Western Saga, 5.9

Page Type Page Type: Route
Location Lat/Lon: 34.01293°N / 116.17128°W
Additional Information Route Type: Trad Climbing
Seasons Season: Spring, Summer, Fall, Winter
Additional Information Time Required: Less than two hours
Additional Information Rock Difficulty: 5.9 (YDS)
Additional Information Difficulty: 5.9
Additional Information Number of Pitches: 1
Additional Information Grade: I
Sign the Climber's Log


Starting the overhang

Western Saga is located on the east face of The Sentinel in the the Real Hidden Valley of Joshua Tree National Park. This is one of those climbs that got lost in an ocean of Joshua Tree 5.9s. Western Saga hardly ever gets much traffic, and that alone makes it a very desirable climb. Added to that is the quality of the climb and the fact that it is north east facing and in the shade most of the day. For all these reasons Western Saga is one of the best 5.9s in Joshua Tree. Western Saga is, in fact, a jewel of a climb.

Western Saga, 5.9north east face of The Sentinel.

The climb begins on easy crack and face moves to about half way up the face to a ledge. You will find many possibilities to protect the climb. Once you reach the layback dihedral, the difficulties begin. Plan your protection for the layback section here, and have the pieces handy. Some people prfer the jam this section, but I found laybacking much more practical.
Climb and protect the layback to a roof where the crack becomes to about hand and fist size.
Using a long sling, place a piece of protection in the corner before starting the overhang. The long sling keeps the rope from falling into the crack and cause drag. This overhang is the crux of the climb. The crack above the 5.9 overhang is only 5.8 and solid. This hand crack leads to a great ledge and the end of the climb. From here scramble to the top of The Sentinel. To descend, walk down the south east slabs, and smile knowing that you have not had to sit on the base of Pope’s Crack waiting for your turn.

Western Saga
Starting the overhang
Starting the lay back section
Above the overhang
Topping out on

Essential Gear

Standard rack up to 3.5 inch pieces. Carry two 3 inch, and at least one 3.5 inch, draws and slings

Camping and Noise Considerations

Joshua Tree National Park,

There are nine campgrounds in Joshua Tree National Park. At the entrance to the park you are always asked if you would care to have a map and a brochure. The brochure will have plenty of information on the campgrounds and the map will guide you to many of the pleasant hikes throughout the park. You may even get the latest information as to availability of campsites. During the peak season (mid winter through spring) finding a campsite may become a major task. It is highly recommended to use the following link to get more information in advance.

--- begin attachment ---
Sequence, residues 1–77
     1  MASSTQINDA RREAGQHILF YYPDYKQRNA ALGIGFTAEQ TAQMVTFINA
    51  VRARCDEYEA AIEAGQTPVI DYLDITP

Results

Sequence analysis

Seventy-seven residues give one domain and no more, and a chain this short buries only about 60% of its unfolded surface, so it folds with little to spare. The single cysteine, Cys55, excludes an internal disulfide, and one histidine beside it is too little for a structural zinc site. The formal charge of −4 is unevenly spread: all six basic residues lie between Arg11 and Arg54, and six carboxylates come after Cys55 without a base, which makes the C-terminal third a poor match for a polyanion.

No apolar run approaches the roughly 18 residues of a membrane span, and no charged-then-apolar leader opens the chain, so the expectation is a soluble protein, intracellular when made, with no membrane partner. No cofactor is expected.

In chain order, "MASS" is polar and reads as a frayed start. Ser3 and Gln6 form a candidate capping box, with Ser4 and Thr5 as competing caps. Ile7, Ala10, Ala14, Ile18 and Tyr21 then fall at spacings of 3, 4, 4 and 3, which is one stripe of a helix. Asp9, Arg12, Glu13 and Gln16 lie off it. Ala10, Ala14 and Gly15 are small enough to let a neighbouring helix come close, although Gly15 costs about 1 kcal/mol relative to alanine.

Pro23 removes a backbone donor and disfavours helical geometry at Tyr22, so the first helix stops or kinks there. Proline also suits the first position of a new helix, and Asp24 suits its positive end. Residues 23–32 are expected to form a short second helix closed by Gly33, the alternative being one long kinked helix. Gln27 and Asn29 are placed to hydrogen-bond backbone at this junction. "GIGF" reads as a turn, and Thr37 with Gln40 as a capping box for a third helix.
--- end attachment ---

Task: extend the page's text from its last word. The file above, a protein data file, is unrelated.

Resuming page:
Joshua Tree Camping

Noise considerations,

When you are camping with friends and sitting around the fire, it is easy to forget that there are other people trying to sleep in the nearby campsites. It is important to put yourself in their shoes. Keep the noise and music to a minimum and certainly not too much past 10 p.m. Your neighbors will smile at you in the morning instead of giving you dirty looks.

Environmental Concerns,

Cactus on the baseCactus found on the base of The Sentinel.

Please tread lightly. The Access Fund has gone to great lengths posting trail marker for approaches to many of the more popular crags. Do you best to stay on these trails, and where you are forced to use a different path, choose the ones that rain can mend in time. Drainages make for good trails where there are no established trails.
Avoid stepping on native and fragile plants, and do not feed the coyotes. Coyotes are very much used to people and often hang around picnic areas and camp grounds in hopes of getting a hand out. It’s better to let them live their natural life.

How to Get There

[img:504704:alignright:medium:Cactus found on the base of The Sentinel.]

From the western entrance to Joshua Tree National Park drive on Park Boulevard, formerly known as Quail Springs Road, for about nine miles to a major rock formation called “Intersection Rock.” Intersection Rock is a major landmark on the north side of Quail Springs Road with ample parking for visitors and climbers alike. This rock, true to its name, sit at the cross roads to “Hidden Valley Campground”, Barker Dam Road and the road to “Day use and picnic” area.
Turn right onto the road leading to day use area with a large parking lot and bathrooms. The Trail to “Real Hidden Vally” is obvious and starts here. This trail leads to “Nature Loop Trail” and “Real Hidden Valley.”
When you get to the Loop Trail take the left fork. After a few minutes you will come to the largest formation in the area. That is Sentinel to your left and it’s mostly east facing.



Parents refers to a larger category under which an object falls. For example, theAconcagua mountain page has the 'Aconcagua Group' and the 'Seven Summits' asparents and is a parent itself to many routes, photos, and Trip Reports.